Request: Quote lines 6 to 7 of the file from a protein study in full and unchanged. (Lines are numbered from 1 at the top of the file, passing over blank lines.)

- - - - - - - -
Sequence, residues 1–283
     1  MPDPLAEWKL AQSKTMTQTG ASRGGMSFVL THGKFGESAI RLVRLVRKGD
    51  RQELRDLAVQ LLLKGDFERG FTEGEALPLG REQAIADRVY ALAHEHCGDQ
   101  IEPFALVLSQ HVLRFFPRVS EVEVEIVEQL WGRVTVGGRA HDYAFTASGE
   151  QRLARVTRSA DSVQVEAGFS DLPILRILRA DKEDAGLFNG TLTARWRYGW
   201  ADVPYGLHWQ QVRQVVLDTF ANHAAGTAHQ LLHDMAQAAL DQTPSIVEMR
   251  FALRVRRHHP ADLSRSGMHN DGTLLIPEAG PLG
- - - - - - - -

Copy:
   201  ADVPYGLHWQ QVRQVVLDTF ANHAAGTAHQ LLHDMAQAAL DQTPSIVEMR
   251  FALRVRRHHP ADLSRSGMHN DGTLLIPEAG PLG